By Charlie Charalambous
Cyprus generally likes to present itself as a shiny happy place that welcomes visitors to its sunny shores. Here on the Island of Loooove we like nothing more than wine, women and song.
But we also assume that everyone who comes here for a holiday is savvy with the island’s political mess of a problem.
Nicosia is the world’s last divided capital where the wall of Cold War machinations has stubbornly failed to come a tumbling down.
Most Cypriots pay lip service to a bicommunal federation of neighbourly devotion but when it comes to the fine print the Turkish Intransigence clause kicks-in and high hopes turn to dust followed by an aftershock of recriminations.
Cypriots want to believe in a solution but they are scarred by the past and politicians picking at their wounds. As it stands today Cyprus is a popular tourist hot spot that has a 180-kilometre ceasefire line scratched across its landscape – a line it doesn’t want visitors to cross.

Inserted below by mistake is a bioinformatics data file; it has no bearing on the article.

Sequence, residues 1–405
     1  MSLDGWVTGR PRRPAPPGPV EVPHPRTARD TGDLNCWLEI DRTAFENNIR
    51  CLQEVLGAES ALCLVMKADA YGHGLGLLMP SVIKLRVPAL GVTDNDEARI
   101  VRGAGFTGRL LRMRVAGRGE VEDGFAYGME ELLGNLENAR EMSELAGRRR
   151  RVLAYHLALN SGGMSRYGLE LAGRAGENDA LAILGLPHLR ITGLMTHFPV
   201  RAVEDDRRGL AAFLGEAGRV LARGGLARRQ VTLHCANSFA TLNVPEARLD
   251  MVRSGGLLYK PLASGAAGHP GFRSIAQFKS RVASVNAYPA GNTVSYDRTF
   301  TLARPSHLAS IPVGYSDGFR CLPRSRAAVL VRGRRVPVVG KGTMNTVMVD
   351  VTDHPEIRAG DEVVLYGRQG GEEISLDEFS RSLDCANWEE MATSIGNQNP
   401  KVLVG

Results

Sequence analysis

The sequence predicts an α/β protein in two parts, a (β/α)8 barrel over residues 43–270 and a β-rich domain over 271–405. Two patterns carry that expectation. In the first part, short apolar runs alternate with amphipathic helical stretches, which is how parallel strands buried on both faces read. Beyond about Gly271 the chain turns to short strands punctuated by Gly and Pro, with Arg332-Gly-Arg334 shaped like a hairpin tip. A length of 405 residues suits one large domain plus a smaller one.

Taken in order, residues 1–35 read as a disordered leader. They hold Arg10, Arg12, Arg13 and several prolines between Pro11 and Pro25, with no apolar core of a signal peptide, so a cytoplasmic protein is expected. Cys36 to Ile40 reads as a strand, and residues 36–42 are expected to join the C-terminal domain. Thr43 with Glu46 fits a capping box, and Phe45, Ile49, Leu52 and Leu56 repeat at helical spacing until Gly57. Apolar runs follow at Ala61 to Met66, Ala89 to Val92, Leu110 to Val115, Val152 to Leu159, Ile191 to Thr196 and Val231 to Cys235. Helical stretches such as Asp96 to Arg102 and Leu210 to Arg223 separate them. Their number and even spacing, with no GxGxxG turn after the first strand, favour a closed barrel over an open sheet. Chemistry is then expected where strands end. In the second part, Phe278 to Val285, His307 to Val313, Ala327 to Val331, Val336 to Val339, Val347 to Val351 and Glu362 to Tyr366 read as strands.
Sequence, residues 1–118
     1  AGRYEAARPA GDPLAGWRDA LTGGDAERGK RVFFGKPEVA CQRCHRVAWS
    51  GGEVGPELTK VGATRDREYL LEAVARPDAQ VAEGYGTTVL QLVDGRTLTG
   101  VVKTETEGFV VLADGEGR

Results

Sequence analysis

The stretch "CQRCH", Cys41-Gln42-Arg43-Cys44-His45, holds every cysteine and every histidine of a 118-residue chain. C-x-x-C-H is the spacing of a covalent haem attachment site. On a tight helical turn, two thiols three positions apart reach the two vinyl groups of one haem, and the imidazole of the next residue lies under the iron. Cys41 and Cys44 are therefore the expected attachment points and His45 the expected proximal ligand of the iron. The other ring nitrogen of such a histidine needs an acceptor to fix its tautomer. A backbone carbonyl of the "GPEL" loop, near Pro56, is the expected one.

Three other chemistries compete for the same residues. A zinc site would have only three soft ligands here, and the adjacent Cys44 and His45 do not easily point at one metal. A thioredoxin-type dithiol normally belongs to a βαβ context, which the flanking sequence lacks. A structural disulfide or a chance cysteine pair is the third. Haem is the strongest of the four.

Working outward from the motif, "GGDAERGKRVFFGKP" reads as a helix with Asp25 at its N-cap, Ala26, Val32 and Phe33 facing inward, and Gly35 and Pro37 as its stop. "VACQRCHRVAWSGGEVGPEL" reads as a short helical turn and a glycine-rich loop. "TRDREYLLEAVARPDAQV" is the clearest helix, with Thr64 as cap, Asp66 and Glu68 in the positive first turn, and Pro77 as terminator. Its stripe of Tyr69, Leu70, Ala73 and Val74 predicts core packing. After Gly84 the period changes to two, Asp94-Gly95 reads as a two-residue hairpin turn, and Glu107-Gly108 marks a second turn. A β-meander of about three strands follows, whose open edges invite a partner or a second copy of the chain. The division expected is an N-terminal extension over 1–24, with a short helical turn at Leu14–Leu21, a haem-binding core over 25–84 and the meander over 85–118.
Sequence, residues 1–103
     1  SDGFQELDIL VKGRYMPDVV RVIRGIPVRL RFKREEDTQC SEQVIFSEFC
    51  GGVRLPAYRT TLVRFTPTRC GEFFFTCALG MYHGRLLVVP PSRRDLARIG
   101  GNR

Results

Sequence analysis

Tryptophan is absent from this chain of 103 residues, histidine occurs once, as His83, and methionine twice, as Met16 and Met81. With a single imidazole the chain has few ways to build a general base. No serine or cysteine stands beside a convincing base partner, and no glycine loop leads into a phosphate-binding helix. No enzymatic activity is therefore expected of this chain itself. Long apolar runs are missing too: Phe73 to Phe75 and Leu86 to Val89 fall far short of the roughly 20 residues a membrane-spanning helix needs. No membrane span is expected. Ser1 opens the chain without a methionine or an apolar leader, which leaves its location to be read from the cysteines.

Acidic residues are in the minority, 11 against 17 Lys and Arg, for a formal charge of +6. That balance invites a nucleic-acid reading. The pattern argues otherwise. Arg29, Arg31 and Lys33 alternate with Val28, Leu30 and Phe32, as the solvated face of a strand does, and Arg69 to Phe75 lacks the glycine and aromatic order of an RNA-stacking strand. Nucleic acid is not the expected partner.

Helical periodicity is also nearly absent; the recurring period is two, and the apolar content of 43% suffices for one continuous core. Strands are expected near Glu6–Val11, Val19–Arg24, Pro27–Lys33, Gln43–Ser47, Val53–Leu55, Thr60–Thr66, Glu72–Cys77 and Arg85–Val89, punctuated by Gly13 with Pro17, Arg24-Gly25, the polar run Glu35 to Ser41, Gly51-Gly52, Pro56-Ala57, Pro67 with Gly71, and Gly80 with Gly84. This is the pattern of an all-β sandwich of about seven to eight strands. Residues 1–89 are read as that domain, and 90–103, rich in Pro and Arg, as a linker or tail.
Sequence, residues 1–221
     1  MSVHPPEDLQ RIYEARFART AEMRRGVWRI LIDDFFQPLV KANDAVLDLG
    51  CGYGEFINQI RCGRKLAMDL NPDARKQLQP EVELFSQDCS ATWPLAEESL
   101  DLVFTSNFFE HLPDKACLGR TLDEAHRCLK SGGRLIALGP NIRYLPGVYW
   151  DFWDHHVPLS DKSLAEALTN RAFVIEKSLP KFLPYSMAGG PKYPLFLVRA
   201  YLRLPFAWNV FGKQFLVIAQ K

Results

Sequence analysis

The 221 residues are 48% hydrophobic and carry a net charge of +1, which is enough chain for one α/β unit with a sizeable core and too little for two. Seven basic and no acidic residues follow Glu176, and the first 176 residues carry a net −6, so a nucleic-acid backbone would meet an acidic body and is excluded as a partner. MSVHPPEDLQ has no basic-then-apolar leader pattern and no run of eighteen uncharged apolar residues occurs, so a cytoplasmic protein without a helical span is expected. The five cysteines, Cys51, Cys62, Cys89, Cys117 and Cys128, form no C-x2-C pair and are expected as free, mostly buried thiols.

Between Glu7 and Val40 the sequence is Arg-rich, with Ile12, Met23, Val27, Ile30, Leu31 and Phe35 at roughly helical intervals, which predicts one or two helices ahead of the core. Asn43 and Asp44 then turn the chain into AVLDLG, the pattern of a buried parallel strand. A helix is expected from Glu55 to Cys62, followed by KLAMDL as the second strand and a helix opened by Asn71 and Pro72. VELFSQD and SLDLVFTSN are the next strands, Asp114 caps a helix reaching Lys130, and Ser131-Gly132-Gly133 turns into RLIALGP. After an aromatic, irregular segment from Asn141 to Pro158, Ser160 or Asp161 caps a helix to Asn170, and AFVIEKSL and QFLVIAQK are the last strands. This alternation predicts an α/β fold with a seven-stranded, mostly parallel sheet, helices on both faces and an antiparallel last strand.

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Earlier this week there was chaos at Larnaca airport after immigration decided that tourists from Israel, Serbia and Lebanon should be sent back home as they had booked hotel stays in the north.
A popular Lebanese DJ and his wife got the chop because he chirpily mentioned he might go north while staying with a Greek Cypriot host in Nicosia.
The group of Israelis kicked up a fuss and the authorities didn’t want a diplomatic incident with Tel-Aviv so they were grudgingly let through. The others had the door shut in their face.
Apparently this all came about because of a bright spark at the Foreign Ministry. He issued a circular that non-EU citizens booking a holiday in the north – and in all probability staying in property usurped from Greek Cypriots – must be banned from entry.
This is not only racist in concept – because if it is illegal for non-EU visitors to go north then it is illegal for everybody else – but shifts the blame for our inability to resolve the problem on foreigners. If the authorities allow
Turkish Cypriot taxis or coaches to pick up tourist from Larnaca airport then why impose such a ban.
Why is it okay for Greek Cypriots to go north and gamble at casinos or fly out from Tymbou airport when a Serbian, Israeli or Lebanese can’t? Either let nobody cross – shut up shop for good – or accept the situation as the best of a bad deal.